Testing, Design Issue, and Discussion

Our turret was built in an incremental design and testing procedure. First, we worked on getting the pan tilt and servo control up and running so we could get our turret to move the range of motion we desired. Initially, we were using the RPi GPIO library to generate software PWM signals to control the servos. We quickly realized that the software created PWM signals were noisy and unstable in a RPi multiprocessor operated environment. The noisy software PWM signals did not control the servos stably and the servos jittered a lot even at their standing still positions. After consulting with Professor Skovira, we decided to change our approach and controlled the servos using hardware PWM with the pigpio library instead. To use the hardware PWM library, we have to first use the “sudo pigpiod” command to launch the pigpio library as a daemon before running our main code. More specifically, we actually entered the command “taskset 0x1 sudo pigpiod” so the daemon was bounded to run at the first core of the RPi. The hardware PWM generated (in pin 12 and 13) were much cleaner PWM signals and significantly reduced the amount of jitter created on the servo. Once we resolved the jitter, we then worked on figuring out the control signals using modular functions that can move the turret to the desired angle.

In parallel with working on the pan tilt kit and servo control, we also worked on object detection with the openCV library. After openCV was installed, we decided to run a sample code we found online to test it, but we received an error from openCV and couldn’t get it to run the sample code. The error says the following: “OpenCV Error: Assertion failed (scn == 3 || scn == 4) in cvtColor, file /build/opencv-U1UwfN/opencv-, line 3737”. We initially thought this error is due to the fact that our openCV version was low and we might have to compile and update it to the latest version of openCV. But after a quick run down of google search, we found out that the error can be easily fixed by entering the following to the command line “sudo modprobe bcm2835-v4l2“. This command basically installed the V42l driver or the Video4Linux2 API on the Bcm2835, which was the Broadcom chip used in RPi B+. We also added this command to /etc/modules so it was automatically loaded at boot time. Once we got openCV running, it was smooth to do blue object detection because of the great community support with abundant sample tutorials and the intuitive openCV library that abstracts a lot of details into a single line of function. We were able to extract the center of a blue object in about 10 lines of code. We tested our detection algorithm in different light condition and found that it worked best when the room wasn’t overly bright as brightness caused the camera to re-auto focus. During testing, we discovered and fixed some software bugs in our code, such as a bug that crashes the code when dividing by 0 and a bug that stops object detection due to wrong timing calculations.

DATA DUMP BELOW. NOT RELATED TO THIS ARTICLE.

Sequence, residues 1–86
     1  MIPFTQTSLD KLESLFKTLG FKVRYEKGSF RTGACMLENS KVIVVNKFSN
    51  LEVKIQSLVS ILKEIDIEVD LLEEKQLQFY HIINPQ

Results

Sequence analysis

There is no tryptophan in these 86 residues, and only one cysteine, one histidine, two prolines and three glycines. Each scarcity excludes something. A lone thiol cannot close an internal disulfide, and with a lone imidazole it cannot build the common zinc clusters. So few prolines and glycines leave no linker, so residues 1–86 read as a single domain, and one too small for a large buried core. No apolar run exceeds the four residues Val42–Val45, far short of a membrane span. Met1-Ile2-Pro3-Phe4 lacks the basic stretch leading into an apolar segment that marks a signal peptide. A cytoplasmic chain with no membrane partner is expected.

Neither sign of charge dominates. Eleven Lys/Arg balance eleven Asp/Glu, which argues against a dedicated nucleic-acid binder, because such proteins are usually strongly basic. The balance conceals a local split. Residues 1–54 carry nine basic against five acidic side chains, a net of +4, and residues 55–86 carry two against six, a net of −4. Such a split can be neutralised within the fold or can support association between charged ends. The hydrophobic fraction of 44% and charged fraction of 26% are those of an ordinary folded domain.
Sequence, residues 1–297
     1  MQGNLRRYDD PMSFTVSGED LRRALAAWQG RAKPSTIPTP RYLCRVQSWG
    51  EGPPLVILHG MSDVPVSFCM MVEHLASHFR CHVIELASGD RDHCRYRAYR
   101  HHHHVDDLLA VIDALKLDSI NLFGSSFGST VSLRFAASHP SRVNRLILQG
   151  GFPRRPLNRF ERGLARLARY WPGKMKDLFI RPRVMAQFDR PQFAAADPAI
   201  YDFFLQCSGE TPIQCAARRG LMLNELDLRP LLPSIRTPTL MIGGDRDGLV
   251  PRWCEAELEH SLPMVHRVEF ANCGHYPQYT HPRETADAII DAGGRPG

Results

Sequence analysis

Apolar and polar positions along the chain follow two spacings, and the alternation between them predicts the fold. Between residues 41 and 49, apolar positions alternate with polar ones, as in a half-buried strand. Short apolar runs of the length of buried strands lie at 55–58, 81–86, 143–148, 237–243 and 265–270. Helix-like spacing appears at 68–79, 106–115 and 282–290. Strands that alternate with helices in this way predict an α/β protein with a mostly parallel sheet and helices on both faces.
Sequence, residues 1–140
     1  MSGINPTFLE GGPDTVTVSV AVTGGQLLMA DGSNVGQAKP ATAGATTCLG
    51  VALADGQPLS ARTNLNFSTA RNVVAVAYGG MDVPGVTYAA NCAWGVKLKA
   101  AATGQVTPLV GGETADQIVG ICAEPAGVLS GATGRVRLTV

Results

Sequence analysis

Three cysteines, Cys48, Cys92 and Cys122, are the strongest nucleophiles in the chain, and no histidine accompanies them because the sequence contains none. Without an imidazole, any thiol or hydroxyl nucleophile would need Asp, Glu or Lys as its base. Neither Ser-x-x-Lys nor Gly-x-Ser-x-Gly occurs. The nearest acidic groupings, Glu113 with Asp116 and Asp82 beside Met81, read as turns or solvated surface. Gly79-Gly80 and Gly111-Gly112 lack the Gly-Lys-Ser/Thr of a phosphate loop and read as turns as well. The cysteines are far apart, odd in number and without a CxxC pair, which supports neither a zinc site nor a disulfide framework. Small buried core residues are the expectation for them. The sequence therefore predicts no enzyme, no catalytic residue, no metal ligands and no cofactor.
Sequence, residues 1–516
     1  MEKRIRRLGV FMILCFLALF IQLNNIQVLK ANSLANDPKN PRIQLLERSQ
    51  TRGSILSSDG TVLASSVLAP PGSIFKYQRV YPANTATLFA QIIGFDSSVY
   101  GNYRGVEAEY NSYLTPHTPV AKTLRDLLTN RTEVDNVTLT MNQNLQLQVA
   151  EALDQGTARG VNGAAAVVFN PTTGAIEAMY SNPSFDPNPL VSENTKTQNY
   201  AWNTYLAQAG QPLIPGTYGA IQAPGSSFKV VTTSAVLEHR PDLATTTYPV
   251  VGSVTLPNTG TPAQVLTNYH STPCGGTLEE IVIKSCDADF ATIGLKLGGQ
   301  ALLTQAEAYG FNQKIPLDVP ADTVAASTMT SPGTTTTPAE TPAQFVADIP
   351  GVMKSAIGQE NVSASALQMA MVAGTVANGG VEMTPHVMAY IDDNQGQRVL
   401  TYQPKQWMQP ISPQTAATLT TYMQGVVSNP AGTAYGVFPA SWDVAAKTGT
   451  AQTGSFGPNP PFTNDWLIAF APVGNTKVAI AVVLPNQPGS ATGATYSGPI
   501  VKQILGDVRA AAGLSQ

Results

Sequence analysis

Once we had the pan tilt and the object detection working, we then merged the two and used the object detection to output feedback values to control the pan tilt with our PID control algorithm. To tune our PID, we started with setting the integration and derivative terms to be zeros. We settled for a proportional term that responded fast enough and gave a little bit of overshoot, which we found to be 3. We then increased the derivative term until the overshoot oscillation was minimized, which we found to be around 0.005. We didn’t tune the integrational term because the proportional and derivative terms were good enough and our target moved around over time.